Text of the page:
Fishing and farming methods


Fishing with gillnets is a passive fishing method which uses panels of netting that hang vertically in the water. The mesh sizes of the nets are large enough to allow the head of the desired fish to go through, while not allowing the rest of its body to go through, subsequently catching the fish behind its gills. The fishery with gillnets is selective as smaller undersized fish can swim through the nets.

Anchored gillnets

Anchored gillnets are panels of net that have been anchored to the sea floor with floats holding the top of the net near the surface, making them stand up vertically in the water column. By deploying the net at specific locations and depths, different species can be targeted. By adding or subtracting weights and floats to the net, the depth in which the net is situated can be altered. Gillnets can be several kilometres long and have a low impact on the sea floor.


Driftnets are gillnets which are not anchored to the sea floor but drift along with the sea currents (with or without a boat). The nets follow the dominant sea current and target pelagic species such as sardines, herring, tuna, and squid. These nets can be kilometres long and are known as ‘the walls of death’, due to the fact that all sorts of non-targeted species can get entangled in the nets such as dolphins, sea turtles, sea birds, and whales. The use of driftnets has been prohibited since 2002 in European waters. While this fishing method comes with a lot of by-catch, including endangered species, it does not have any impact on the sea floor. However, as the nets damage easily, loose pieces of nets and broken off fishing gear can keep causing damage to the ecosystem (ghost fishing).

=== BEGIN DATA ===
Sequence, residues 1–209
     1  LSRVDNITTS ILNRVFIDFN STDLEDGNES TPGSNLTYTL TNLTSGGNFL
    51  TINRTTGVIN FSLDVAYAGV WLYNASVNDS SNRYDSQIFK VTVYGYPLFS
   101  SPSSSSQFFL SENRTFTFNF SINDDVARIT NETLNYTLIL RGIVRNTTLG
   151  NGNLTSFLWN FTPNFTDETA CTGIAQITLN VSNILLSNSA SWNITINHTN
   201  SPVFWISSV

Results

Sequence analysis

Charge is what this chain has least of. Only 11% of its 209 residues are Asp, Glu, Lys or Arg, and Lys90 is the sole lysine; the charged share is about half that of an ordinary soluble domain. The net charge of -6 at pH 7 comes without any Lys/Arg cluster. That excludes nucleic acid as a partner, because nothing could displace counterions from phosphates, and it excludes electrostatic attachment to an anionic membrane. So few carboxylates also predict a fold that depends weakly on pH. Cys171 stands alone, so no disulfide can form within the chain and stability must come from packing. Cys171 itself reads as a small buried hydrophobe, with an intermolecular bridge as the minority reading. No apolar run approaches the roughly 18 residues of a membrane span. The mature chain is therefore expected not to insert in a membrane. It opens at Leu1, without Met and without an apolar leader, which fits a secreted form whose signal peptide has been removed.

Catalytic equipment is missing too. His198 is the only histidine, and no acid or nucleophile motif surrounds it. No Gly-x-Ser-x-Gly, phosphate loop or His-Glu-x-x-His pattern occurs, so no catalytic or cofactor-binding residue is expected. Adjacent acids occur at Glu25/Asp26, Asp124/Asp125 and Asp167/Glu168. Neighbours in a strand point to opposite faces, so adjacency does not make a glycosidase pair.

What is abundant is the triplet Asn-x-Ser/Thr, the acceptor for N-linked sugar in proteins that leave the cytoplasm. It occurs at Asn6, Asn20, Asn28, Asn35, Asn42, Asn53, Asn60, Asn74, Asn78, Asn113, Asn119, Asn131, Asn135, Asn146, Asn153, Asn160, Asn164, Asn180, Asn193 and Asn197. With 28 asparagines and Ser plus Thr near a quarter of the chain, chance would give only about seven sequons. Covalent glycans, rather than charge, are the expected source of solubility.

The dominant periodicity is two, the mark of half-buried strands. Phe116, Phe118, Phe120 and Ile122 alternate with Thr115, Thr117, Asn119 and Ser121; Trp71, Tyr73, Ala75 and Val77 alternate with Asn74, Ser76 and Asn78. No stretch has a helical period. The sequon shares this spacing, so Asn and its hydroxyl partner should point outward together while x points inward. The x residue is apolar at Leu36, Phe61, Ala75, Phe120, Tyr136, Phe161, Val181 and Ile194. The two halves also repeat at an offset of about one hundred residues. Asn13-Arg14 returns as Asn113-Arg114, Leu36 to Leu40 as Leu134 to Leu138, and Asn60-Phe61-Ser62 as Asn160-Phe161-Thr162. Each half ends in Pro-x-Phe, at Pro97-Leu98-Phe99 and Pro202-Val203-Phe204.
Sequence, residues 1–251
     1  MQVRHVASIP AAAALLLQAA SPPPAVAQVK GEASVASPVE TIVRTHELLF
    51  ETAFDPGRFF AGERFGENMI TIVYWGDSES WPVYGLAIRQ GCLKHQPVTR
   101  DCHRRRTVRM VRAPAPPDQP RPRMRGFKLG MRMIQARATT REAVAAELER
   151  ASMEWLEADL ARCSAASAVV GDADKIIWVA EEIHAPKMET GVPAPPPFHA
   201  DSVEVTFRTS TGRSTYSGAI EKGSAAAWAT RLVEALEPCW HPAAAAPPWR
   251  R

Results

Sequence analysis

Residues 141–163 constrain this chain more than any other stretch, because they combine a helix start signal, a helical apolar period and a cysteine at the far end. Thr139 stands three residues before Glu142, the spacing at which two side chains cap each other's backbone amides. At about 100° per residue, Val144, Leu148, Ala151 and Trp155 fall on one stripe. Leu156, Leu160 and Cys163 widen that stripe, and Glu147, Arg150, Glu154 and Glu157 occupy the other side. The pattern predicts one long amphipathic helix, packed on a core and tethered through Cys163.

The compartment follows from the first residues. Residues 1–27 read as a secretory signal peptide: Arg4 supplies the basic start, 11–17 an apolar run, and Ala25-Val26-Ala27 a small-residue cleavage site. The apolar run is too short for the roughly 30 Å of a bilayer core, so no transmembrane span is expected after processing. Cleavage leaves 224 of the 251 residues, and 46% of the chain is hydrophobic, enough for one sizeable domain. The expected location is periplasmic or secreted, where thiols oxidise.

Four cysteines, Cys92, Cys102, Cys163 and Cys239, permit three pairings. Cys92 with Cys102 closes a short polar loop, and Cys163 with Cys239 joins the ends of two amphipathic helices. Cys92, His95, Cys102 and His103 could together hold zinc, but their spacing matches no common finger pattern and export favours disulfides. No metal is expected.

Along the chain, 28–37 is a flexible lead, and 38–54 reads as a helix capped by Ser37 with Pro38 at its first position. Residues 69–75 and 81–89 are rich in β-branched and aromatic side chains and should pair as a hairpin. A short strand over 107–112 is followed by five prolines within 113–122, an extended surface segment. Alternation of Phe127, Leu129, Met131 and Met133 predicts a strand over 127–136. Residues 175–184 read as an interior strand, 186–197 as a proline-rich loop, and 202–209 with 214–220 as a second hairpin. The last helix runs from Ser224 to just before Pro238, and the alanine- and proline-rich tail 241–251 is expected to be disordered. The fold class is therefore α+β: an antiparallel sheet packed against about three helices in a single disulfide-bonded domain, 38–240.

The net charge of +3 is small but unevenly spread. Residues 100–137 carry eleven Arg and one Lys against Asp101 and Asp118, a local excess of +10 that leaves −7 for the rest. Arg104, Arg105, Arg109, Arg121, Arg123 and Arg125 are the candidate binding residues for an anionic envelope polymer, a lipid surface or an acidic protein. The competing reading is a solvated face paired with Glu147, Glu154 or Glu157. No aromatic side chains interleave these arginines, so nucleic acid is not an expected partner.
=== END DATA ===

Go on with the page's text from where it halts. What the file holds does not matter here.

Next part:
Encircling gillnets

Encircling gillnets are gillnets which are deployed around a school of fish and are often used to catch fish that swim and feed in schools like sardines, mackerel, and horse mackerel. After the net has been deployed, fishermen hit the surface water with paddles to startle the fish into the net. This method of fishing has a low impact on the sea floor.

Trammel nets

Trammel nets consist of 3 layers of netting with a small meshed inner net and two larger meshed outer nets in which fish can get entangled. This fishing method has a low impact on the sea floor but does however have a lot of by-catch and usually many unwanted species are discarded. The nets can easily be damaged and loose pieces of net and fishing gear can keep on entangling fish and damaging the ecosystem (ghost fishing).